US retail spend slows in August as auto and gasoline sales drag
US retail sales volumes grew more slowly than anticipated last month, weighed down by slower growth in consumer spend for autos and at gasoline stations.
According to the Department of Commerce, in seasonally adjusted terms, retail sales grew at a 0.6% month-on-month clip in August (consensus: 1.0%) to reach $537.53bn.
Commerce also revised down its preliminary estimate for July, from an increase of 1.2% to 0.9%.
A slowdown in sales of motor vehicles and parts to $109.83bn was the biggest drag on total retail sales last month, rising by 0.2% even after the 1.0% drop recorded during the previous month.
Gasoline station sales also slowed, increasing by 0.4% after a 4.4% jump in July
Excluding autos and gasoline stations, retail sales were 0.7% higher in August following a 1.1% increase for July.
Sales of furniture on the other hand picked up, growing by 2.1% on the month after an increase of 0.9% in July.
Building materials and garden equipment sales also improved, by 2.0%, which came on top of a 15.4% surge in July, alongside increases of 2.9% in clothing and of 4.7% at food services establishments.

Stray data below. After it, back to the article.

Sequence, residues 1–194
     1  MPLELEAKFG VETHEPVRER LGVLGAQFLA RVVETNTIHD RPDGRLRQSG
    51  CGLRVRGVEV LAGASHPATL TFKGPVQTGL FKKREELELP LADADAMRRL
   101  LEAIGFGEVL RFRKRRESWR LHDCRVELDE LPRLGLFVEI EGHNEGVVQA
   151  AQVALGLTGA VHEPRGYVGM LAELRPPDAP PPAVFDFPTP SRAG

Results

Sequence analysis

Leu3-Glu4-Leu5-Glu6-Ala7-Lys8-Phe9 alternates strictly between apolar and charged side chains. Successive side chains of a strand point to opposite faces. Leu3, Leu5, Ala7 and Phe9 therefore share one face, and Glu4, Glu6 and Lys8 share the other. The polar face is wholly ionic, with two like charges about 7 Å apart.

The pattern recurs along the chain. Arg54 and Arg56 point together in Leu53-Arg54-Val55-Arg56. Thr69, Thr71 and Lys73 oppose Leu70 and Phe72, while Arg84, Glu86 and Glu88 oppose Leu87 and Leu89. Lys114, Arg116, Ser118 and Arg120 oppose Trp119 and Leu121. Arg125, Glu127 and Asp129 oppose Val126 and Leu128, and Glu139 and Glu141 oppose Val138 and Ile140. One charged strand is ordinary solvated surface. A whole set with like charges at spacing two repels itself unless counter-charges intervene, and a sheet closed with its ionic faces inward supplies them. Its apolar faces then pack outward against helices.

"Admittedly, retail sales are overstating the rebound in overall spending given that they don’t include most of the services spending hardest hit by the pandemic," said Andrew Hunter at Capital Economics.
"Nevertheless, real consumption still looks to have seen a further modest rise in August and, thanks to the rapid gains back in May and June, is on course to have rebounded by nearly 40% annualised in the third quarter. Even in the absence of further fiscal support, we expect consumption to continue rising gradually as employment recovers."
Gregory Daco, chief US economist at Oxford Economics, was more cautious.
"Real-time data continue to show demand struggling to sustain its upward momentum, with downside risk from expiring fiscal aid and a less-than-ideal health situation threatening the main engine of growth."